Choosing a lima bean variety or two to grow in my garden each summer makes me nostalgic for the sustenance gardeners of old.
The folks of decades and even centuries past were probably so busy eking out every last seed to dry, pressure can, and freeze for their hungry families that they didn’t have the time to categorize what they grew in any detailed fashion.
That could be the reason why so many varieties of Phaseolus lunatus, also known as the butter bean, have casual nicknames or broad descriptors.
For example, artisanal dried bean distributors and heirloom seed sharers alike often just use the label “large lima” to cover most of the types that produce white, buff, or light-green colored seeds that exceed an inch or so.
And then there is “butterpea,” which loosely describes a few types with pebble-size seeds, though they are not high in fat, butter-colored, or any type of pea (Pisum sativum).
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Unlike those Victory gardeners and truck farmers of the late 1800s, post-World War I, and Great Depression eras, though, I have plenty of time to differentiate between cultivars that are available to grow.
I’ll be distilling the results of my own decades of seed-catalog browsing and vegetable growing experience here, and invite you to share my list of 13 of the best lima beans and butter beans for home gardeners.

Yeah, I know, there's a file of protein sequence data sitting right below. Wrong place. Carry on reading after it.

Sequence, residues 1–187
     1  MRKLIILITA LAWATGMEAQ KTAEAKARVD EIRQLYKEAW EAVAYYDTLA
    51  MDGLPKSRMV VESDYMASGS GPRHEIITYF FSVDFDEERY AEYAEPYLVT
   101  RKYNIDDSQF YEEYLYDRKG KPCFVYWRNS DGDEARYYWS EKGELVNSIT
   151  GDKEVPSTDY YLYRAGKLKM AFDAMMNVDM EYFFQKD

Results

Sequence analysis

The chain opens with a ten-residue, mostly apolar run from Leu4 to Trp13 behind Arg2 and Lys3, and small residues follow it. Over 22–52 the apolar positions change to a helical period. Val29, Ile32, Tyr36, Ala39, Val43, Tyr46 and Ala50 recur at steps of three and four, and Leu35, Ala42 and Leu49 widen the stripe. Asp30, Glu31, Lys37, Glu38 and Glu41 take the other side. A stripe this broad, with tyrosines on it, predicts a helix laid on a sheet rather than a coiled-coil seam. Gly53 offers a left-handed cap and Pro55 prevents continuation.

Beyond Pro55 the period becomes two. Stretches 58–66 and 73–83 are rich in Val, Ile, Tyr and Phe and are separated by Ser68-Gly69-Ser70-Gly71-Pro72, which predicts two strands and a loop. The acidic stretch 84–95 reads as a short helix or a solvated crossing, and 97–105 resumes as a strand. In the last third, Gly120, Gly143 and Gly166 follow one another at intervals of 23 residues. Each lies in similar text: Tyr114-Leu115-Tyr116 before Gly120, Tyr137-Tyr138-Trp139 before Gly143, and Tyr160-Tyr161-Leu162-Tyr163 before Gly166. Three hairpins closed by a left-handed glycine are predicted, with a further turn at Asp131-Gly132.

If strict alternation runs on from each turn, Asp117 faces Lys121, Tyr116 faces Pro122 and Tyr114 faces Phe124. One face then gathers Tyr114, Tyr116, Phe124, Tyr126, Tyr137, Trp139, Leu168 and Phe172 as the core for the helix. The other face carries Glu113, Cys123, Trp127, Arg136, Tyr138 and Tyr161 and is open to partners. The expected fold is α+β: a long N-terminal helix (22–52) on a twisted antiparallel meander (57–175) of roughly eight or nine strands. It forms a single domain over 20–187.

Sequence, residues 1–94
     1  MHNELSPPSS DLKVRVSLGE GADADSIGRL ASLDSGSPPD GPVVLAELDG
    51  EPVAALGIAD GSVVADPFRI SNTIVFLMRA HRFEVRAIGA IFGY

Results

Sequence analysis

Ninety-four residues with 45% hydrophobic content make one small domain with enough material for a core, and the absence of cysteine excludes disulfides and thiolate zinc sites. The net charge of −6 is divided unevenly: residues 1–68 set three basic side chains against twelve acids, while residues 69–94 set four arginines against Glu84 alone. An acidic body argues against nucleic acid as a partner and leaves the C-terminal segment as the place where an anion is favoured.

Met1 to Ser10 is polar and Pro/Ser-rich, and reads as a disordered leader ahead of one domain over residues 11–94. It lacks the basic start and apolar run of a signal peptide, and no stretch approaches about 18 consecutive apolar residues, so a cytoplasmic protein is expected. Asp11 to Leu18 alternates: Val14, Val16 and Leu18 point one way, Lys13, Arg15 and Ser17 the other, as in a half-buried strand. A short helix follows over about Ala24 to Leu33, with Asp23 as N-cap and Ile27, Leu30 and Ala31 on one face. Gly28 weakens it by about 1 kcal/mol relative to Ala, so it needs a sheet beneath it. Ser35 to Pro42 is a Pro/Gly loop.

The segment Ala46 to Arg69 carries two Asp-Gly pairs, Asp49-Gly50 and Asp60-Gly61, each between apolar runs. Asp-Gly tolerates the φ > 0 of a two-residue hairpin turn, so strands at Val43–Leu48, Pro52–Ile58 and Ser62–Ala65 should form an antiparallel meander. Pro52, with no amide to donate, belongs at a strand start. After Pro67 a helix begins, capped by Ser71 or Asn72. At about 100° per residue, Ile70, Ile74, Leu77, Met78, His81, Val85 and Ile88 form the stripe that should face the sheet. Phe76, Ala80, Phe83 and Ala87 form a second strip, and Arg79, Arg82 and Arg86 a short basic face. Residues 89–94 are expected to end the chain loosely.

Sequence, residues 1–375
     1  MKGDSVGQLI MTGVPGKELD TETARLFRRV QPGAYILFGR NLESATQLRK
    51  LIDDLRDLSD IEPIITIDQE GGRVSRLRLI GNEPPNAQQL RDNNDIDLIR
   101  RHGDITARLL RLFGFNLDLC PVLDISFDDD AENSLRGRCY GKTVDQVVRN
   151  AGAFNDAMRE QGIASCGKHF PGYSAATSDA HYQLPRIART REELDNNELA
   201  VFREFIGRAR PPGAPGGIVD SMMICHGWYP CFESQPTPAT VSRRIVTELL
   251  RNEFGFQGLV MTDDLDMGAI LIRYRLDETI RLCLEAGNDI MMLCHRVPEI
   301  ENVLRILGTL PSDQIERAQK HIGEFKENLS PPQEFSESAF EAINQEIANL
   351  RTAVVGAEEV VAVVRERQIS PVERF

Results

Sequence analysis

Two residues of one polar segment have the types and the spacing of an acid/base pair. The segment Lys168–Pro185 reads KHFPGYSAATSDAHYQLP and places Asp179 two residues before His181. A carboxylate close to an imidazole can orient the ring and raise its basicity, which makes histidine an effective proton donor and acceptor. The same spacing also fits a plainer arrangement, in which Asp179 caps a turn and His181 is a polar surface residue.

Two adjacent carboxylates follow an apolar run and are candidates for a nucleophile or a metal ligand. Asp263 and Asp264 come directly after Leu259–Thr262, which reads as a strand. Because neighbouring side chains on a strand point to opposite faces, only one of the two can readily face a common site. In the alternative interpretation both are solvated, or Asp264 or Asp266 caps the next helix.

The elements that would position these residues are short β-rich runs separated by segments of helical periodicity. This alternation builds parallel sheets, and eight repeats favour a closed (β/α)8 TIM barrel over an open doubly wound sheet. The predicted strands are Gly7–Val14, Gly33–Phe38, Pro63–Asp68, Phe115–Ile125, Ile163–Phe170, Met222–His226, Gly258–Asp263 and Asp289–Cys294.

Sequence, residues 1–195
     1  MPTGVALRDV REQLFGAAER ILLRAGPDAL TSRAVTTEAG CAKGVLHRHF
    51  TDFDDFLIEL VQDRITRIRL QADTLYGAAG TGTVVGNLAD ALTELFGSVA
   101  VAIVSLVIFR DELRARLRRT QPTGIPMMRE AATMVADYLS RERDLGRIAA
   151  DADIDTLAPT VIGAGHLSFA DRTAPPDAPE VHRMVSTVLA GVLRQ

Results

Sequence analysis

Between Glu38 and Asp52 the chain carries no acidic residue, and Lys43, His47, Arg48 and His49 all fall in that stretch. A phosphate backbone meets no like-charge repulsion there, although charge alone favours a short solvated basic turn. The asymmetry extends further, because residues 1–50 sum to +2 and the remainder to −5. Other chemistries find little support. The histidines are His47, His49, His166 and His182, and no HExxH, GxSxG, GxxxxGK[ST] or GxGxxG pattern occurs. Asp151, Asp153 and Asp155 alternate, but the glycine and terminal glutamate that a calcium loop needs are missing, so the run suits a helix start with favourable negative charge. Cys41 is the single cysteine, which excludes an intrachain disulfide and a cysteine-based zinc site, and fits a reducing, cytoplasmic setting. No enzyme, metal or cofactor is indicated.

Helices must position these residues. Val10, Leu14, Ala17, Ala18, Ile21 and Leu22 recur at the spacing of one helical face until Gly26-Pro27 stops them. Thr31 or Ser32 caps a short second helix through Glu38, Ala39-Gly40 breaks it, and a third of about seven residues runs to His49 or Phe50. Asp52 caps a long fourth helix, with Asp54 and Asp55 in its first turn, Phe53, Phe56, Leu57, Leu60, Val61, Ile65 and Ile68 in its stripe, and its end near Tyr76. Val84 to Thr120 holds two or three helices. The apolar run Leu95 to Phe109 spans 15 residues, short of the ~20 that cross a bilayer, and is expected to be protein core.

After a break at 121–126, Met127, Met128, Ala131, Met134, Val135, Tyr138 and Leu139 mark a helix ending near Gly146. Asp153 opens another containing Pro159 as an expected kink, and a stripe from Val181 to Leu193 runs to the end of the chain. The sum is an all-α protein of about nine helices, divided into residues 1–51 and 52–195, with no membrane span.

I’ll detail a range of tender, tasty possibilities, from bush varieties that produce early enough for short-season gardeners to the mighty pole bean varieties that yield giant seeds and need almost 100 days of hot sun before harvest.
To make it simple to start growing those that catch your eye, I’ll also share sources for most of my selections.
Here are the top picks I’ll share:
13 of the Best Lima and Butter Beans to Grow at Home
Okay, here we go! Get ready to learn about the best varieties of a garden vegetable that is tasty, prolific, and easy to preserve by drying or freezing.
1. Baby Fordhook
This bush variety shares a name with the ‘Fordhook’ home cooks consider the gold standard for preserving and fresh eating, but it has smaller seeds with a more delicate flavor.
Open-pollinated ‘Baby Fordhook’ matures in 70 to 75 days, on plants that are just 12 to 18 inches tall.
Each three-inch pod yields three or four tiny white seeds that are firm and a little sweet.
I eat them fresh from the green pod or steam them for a side dish, but they’re considered ideal for pressure canning, freezing, and drying, too.
‘Baby Fordhook’ seeds are available in 20-seed packets from Isla’s Garden Seeds via Amazon.
2. Big Mama